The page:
(2) Nothing is found in Estate of Pitts, 218 Cal. 184 [ 22 P.2d 694] to indicate that the Supreme Court has directly or impliedly withdrawn the rule of Summerville as it applies to leasehold interests in residential properties. What the court considered in Pitts was the general question whether the corporation which created and maintained the apartment house had a lien on the tenant's interest for purposes of a code section relating to probate sales which specified, "At any sale of lands upon which there is a . . . lien, the holder thereof may become the purchaser, and his receipt for the amount due him from the proceeds of the sale is a payment pro tanto." For such purpose the court considered that "land" included an interest in land, that the tenant had an interest in land, and that the corporation had a lien on such interest analogous to a vendor's lien. A factual distinction can be made between the straightforward leasehold situation of the present case and the collection of rights held by the tenant in Pitts, where the court observed, "While the corporation held the legal title, yet, to all intents and purposes, the entire equitable estate was distributed proportionately among the owners of the apartments." (P. 191.) However, the more significant aspect of the case is that the statute under consideration was sufficiently general so that the court need not consider the classical common law distinctions inherent in the phrase "real property." This court recently followed the same approach in Parker v. Superior Court, 9 Cal.App.3d 397 [ 88 Cal.Rptr. 352], where it was held that the filing of a lis pendens is authorized in an action concerning a leasehold because the provisions of section 409 of the Code of Civil Procedure extend not only to actions "concerning real property" but also to those "affecting the title or the right of possession of real property."
Nothing is found in the legislation relating to condominiums passed at the 1963 Regular Session of the Legislature (Stats. 1963, ch. 860, p. 2090) to compel a result contrary to the foregoing. The first sentence of the first section of that act declares that "A condominium is an estate in real property. . . ." However, as pointed out in Parker, at page 400, "Although not `real property' or `real estate' a leasehold is nevertheless an estate in land, an estate in real property. (Civ. Code, § 761; Callahan v. Martin, supra, 3 Cal.2d 110, 118 [ 43 P.2d 788, 101 A.L.R. 871]; Bachenheimer v. Palm Springs etc. Corp., 116 Cal.App.2d 580, 592 [ 254 P.2d 153].)" Moreover, the condominium legislation expressly provides that a condominium may, with respect to the duration of its enjoyment, be an estate for years. (Civ. Code, § 783)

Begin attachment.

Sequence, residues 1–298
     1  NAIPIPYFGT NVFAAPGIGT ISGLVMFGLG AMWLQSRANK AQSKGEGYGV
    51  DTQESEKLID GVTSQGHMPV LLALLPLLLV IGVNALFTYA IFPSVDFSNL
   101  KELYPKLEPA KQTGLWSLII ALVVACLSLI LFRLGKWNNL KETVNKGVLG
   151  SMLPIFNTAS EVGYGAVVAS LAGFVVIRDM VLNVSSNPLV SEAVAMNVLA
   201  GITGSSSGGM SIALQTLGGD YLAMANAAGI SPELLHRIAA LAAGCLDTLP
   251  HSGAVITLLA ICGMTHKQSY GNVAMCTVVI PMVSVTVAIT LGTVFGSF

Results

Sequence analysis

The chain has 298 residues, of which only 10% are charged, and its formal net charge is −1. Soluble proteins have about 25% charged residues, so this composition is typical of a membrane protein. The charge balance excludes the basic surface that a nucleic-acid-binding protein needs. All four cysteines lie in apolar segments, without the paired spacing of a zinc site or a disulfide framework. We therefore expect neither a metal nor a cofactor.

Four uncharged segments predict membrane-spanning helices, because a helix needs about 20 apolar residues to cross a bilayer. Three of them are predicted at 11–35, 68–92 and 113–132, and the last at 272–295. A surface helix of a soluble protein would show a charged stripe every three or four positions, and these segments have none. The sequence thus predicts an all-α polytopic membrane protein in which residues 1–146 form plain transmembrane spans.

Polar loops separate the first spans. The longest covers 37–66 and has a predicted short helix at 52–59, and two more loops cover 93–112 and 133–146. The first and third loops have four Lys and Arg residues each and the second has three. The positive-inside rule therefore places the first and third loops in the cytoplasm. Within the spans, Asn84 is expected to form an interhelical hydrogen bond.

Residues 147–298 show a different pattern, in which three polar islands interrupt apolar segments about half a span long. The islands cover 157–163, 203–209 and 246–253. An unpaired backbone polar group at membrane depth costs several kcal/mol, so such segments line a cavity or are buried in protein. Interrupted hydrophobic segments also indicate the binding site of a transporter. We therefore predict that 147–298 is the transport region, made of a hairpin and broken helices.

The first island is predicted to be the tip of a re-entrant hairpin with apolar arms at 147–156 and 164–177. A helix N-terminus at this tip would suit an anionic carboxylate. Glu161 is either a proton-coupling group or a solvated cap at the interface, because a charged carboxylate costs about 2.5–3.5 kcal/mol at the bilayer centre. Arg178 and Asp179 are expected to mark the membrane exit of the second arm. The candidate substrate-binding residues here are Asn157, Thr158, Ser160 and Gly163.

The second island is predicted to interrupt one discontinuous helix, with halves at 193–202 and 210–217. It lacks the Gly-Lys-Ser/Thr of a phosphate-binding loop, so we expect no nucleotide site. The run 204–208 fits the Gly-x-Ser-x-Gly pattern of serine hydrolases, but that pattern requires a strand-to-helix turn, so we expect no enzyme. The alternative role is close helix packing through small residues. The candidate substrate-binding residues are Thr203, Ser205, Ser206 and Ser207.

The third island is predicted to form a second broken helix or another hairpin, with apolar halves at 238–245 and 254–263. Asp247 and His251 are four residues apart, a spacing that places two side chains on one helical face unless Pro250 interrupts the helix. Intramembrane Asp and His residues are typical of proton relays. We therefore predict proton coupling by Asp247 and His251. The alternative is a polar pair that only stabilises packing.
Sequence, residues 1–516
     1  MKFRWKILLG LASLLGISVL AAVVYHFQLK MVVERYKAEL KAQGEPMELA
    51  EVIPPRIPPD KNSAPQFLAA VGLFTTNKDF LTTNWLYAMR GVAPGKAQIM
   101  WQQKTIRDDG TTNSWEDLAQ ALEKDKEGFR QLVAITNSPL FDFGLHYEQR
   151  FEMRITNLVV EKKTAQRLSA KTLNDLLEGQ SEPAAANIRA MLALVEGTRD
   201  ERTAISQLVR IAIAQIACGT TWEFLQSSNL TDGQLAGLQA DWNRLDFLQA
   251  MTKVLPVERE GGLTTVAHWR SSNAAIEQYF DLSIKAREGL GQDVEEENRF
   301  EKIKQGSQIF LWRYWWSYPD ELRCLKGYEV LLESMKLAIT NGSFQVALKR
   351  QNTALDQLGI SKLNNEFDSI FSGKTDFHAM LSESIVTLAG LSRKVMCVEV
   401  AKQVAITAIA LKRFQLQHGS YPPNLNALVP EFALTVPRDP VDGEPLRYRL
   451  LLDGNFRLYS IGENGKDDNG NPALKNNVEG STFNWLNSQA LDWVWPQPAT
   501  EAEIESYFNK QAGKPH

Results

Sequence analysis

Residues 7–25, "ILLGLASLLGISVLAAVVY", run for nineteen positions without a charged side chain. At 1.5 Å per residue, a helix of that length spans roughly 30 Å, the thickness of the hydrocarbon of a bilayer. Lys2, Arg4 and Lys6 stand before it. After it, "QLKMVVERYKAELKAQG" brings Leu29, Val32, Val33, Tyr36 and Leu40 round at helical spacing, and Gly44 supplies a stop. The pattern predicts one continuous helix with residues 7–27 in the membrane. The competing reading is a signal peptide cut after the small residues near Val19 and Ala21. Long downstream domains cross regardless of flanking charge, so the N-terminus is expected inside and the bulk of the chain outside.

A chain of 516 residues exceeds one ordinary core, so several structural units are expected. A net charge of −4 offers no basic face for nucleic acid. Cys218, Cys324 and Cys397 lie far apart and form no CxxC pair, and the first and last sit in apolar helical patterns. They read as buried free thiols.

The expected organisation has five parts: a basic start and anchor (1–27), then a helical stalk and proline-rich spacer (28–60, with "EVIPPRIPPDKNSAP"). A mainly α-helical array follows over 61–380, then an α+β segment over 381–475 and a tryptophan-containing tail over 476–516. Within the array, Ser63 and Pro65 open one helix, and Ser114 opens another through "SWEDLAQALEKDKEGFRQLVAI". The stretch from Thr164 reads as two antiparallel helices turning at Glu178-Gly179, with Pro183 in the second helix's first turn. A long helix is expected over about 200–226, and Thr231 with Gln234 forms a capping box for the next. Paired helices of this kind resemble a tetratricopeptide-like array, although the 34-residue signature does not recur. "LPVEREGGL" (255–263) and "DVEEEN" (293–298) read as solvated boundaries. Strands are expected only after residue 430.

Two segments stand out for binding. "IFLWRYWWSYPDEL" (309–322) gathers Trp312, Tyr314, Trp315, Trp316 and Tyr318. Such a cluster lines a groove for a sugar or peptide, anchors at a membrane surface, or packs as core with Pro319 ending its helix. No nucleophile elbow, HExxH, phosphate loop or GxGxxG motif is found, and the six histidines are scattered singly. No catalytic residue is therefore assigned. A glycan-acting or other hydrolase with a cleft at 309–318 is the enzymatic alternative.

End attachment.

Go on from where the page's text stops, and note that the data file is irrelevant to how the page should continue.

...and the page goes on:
(3) As to a further claim of error, the appellants called as their own witness, Richard M. Darby, one of the original incorporators, and a stockholder and sometimes director of St. Pierre. As already noted, Darby received in his own right from Heers Bros. the fee interest in Laguna Royale on the same day that St. Pierre received its leasehold interest from Riverside Plaza. Appellants sought to introduce testimony tending to show that an " alter ego" relationship existed between Darby and St. Pierre in an attempt to show that there was a merger of the fee and leasehold interest. Objection to this line of questioning was sustained by the court on the ground that it was not relevant to any issue raised by the pleadings. The court ruled correctly. The alter ego question was not raised by any pleading, nor was either Darby or St. Pierre a party to the case. Nor did the court abuse its discretion in refusing to permit appellants to amend their pleading to raise this issue. (Code Civ. Proc., § 473; cf. Heckes v. Sapp, 229 Cal.App.2d 549 [ 40 Cal.Rptr. 485]; Design Associates, Inc. v. Welch, 224 Cal.App.2d 165 [ 36 Cal.Rptr. 341].)
(4) However, notwithstanding this, even if in some manner it were possible to disregard the corporate entity and to find that merger occurred, the result would be as recited in Erving v. Jas. H. Goodman Co. Bank, 171 Cal. 559 [ 153 P. 945], "Where a greater estate and a lesser coincide and meet in the same person . . ., the lesser is annihilated." That is, the lesser estate for years transferred to St. Pierre would merge in the greater estate in the freehold transferred to Darby. Appellants who depend on the existence of an interest vested in St. Pierre in order to realize anything on their execution against respondents cannot be injured by a ruling which rejects offered proof to the effect that the interest of St. Pierre in Laguna Royale was annihilated on the day of its creation. (Code Civ. Proc., § 475)
Kerrigan, J., and Tamura, J., concurred.